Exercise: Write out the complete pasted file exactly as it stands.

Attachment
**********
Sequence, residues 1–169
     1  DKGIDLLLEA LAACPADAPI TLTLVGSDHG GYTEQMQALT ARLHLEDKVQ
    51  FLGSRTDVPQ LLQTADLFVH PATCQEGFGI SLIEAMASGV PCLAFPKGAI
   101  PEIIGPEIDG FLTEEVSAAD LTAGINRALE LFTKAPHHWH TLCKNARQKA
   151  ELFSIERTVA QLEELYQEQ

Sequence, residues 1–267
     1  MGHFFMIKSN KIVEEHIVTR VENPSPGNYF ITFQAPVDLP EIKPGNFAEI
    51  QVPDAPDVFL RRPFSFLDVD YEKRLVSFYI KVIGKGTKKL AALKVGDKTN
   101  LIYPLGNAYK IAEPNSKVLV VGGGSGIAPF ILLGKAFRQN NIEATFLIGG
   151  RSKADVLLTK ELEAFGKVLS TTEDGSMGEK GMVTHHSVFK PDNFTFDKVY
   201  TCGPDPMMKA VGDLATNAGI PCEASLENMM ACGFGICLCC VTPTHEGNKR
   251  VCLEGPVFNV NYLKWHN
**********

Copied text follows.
Sequence, residues 1–169
     1  DKGIDLLLEA LAACPADAPI TLTLVGSDHG GYTEQMQALT ARLHLEDKVQ
    51  FLGSRTDVPQ LLQTADLFVH PATCQEGFGI SLIEAMASGV PCLAFPKGAI
   101  PEIIGPEIDG FLTEEVSAAD LTAGINRALE LFTKAPHHWH TLCKNARQKA
   151  ELFSIERTVA QLEELYQEQ

Sequence, residues 1–267
     1  MGHFFMIKSN KIVEEHIVTR VENPSPGNYF ITFQAPVDLP EIKPGNFAEI
    51  QVPDAPDVFL RRPFSFLDVD YEKRLVSFYI KVIGKGTKKL AALKVGDKTN
   101  LIYPLGNAYK IAEPNSKVLV VGGGSGIAPF ILLGKAFRQN NIEATFLIGG
   151  RSKADVLLTK ELEAFGKVLS TTEDGSMGEK GMVTHHSVFK PDNFTFDKVY
   201  TCGPDPMMKA VGDLATNAGI PCEASLENMM ACGFGICLCC VTPTHEGNKR
   251  VCLEGPVFNV NYLKWHN